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Windows Server 2012 Technology Primer : Improvements for Continuous Availability (part 1) - No Single Point of Failure in Clustering,Stretched Clusters, 64-Node Clusters

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4/14/2014 3:07:26 AM
Although clustering of servers has been around for a long time in Windows (dating back to Windows NT 4.0, when it was available, but really didn’t work), clustering in Windows Server 2012 now not only works, but also provides a series of significant improvements. In Windows Server 2012, you can set up clustering without a lot of the complexity that was previously necessary to get high availability working in Windows; even the previous requirement of having a storage-area network (SAN) with cluster share volumes (CSV) is no longer. All these improvements in Windows Server 2012 make continuous availability a viable solution for enterprise-class high availability.

No Single Point of Failure in Clustering

Clustering, by definition, should provide redundancy and high availability of server systems. However, in earlier versions of Windows clustering, a “quorum drive” was required for the cluster systems to connect to as the point of validation for cluster operations. If at any point the quorum drive failed, the cluster would not be able to fail over from one system to another. Windows Server 2008 / 2008 R2 and Windows Server 2012 clustering removed this requirement of a static quorum drive. Two major technologies facilitate this elimination of a single or central point of failure: majority-based cluster membership verification and witness-based quorum validation.

The majority-based cluster membership enables the IT administrator to define what devices in the cluster get a vote to determine whether a cluster node is in a failed state and so needs to fail over to another node. Instead of assuming that the disk will always be available, as in the previous quorum disk model, now nodes of the cluster and shared storage devices participate in the new enhanced quorum model in Windows Server 2012. Effectively, Windows Server 2012 server clusters have better information to determine whether it is appropriate to fail over a cluster in the event of a system or device failure.

The witness-based quorum eliminates the single quorum disk from the cluster operation validation model. Instead, a completely separate node or file share can be set as the file share witness. In the case of a GeoCluster, where cluster nodes are in completely different locations, the ability to place the file share in a third site and even enable that file share to serve as the witness for multiple clusters becomes a benefit for organizations with distributed datacenters and also provides more resiliency in the cluster operation’s components.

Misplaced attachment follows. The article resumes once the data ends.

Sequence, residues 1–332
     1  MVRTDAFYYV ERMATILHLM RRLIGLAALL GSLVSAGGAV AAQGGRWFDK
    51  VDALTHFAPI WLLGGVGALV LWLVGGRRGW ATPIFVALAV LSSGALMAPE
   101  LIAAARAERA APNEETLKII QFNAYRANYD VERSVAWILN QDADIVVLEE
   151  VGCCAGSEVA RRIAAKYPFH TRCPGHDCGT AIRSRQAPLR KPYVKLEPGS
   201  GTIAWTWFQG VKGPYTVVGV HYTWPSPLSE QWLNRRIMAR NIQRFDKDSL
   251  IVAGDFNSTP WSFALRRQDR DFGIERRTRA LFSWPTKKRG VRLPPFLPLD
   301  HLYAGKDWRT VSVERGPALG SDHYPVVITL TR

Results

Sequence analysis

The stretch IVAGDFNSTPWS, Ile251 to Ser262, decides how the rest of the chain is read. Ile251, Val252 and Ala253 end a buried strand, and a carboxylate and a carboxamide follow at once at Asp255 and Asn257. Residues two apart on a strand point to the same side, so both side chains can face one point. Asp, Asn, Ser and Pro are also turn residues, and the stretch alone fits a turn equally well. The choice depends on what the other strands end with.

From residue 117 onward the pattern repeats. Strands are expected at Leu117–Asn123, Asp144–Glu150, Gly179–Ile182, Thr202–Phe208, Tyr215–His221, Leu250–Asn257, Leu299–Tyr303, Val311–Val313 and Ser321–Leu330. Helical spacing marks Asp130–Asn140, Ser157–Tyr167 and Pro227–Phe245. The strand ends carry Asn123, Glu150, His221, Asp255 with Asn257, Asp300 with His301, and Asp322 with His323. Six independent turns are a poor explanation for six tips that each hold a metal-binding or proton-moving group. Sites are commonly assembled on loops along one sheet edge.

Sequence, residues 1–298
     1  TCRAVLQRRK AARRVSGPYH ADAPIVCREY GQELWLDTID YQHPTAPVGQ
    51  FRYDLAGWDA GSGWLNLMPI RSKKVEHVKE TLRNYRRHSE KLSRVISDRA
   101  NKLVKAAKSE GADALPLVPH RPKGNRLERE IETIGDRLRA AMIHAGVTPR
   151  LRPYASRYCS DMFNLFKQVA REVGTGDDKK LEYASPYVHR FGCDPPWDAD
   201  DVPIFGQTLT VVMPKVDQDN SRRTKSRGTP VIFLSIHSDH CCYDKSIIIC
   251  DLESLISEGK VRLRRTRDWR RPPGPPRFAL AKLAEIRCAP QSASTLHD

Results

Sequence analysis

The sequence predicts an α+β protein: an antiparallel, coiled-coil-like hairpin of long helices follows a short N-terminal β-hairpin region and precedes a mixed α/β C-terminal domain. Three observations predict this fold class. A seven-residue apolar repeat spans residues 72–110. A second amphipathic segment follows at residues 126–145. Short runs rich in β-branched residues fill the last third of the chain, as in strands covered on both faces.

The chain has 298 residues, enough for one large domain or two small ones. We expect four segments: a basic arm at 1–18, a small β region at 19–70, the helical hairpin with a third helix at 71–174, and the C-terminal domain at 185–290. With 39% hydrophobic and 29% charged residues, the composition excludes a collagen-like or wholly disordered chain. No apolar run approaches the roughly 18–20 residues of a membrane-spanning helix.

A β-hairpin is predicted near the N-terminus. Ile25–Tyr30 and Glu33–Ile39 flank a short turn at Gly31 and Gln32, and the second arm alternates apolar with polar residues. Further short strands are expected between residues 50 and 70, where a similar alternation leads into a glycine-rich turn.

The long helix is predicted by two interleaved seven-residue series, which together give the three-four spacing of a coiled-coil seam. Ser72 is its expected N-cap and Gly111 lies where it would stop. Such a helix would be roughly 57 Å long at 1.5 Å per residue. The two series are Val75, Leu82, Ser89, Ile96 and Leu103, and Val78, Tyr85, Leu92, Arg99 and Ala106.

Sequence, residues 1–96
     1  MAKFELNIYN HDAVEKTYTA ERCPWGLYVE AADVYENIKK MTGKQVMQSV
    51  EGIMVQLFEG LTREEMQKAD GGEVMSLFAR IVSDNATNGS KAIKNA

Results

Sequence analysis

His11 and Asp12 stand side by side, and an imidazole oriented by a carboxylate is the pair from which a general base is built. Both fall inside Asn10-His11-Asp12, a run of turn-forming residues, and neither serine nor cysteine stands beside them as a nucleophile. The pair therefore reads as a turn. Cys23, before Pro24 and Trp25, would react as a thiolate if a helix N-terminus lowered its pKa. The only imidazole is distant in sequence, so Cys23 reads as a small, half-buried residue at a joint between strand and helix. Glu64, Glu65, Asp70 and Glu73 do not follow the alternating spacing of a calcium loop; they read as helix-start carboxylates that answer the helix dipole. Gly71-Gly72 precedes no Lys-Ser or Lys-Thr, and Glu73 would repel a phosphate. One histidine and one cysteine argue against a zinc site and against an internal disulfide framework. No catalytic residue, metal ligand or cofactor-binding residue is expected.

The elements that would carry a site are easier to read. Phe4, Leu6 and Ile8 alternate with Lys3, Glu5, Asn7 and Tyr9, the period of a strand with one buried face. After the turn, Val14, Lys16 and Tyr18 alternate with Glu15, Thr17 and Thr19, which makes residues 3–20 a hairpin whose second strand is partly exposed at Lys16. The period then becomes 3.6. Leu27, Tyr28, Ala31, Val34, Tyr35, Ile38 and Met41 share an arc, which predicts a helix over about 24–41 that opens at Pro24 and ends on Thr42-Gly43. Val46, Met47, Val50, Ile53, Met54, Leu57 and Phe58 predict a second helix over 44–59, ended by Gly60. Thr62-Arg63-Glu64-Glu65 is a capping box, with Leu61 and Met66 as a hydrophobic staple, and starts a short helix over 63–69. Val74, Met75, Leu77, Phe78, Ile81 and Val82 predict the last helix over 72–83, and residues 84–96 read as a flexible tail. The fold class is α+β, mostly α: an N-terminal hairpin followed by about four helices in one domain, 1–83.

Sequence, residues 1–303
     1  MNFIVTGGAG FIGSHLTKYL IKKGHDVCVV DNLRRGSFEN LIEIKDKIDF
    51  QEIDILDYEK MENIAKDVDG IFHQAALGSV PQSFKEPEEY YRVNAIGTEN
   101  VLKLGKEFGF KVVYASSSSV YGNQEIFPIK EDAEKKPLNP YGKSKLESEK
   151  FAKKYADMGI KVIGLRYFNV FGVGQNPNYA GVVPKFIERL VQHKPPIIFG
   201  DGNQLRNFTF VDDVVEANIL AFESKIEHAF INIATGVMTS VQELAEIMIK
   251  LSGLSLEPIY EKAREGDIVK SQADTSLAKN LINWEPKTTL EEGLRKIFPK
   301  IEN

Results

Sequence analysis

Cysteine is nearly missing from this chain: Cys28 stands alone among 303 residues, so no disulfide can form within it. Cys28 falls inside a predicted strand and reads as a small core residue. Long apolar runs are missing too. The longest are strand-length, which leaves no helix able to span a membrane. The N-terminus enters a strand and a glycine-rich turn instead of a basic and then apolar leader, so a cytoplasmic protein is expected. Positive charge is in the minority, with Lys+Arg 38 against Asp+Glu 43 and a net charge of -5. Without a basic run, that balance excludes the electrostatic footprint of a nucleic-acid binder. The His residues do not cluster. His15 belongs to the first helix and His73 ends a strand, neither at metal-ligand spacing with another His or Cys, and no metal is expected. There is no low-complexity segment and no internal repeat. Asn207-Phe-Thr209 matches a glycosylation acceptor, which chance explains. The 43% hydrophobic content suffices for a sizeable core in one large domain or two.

Stretched Clusters

Windows Server 2012 also supports the concept of stretched clusters to provide better server and site server redundancy. Effectively, Microsoft has eliminated the need to have cluster servers remain on the same subnet, as has been the case in Windows clustering in the past. Although organizations have used virtual local-area networks (VLANs) to stretch a subnet across multiple locations, this was not always easy to do, and, in many cases, was not the right thing to do technologically in IP networking design.

By allowing cluster nodes to reside on different subnets, plus with the addition of a configurable heartbeat timeout, clusters can now be set up in ways that match an organization’s disaster failover and recovery strategy.

64-Node Clusters

Clustering provides redundancy of nodes in the cluster, but now with Windows Server 2012, an organization can have 64 nodes in the cluster, a significant improvement over the 16-node limit in earlier versions of Windows. With 64 nodes in a cluster, an organization can set up cluster nodes for high availability, for redundancy, and to serve as standby servers in the event of a server failure in the cluster. With potentially 64 nodes in the cluster, the organization can greatly improve high availability and continuous operations of the network systems.

 
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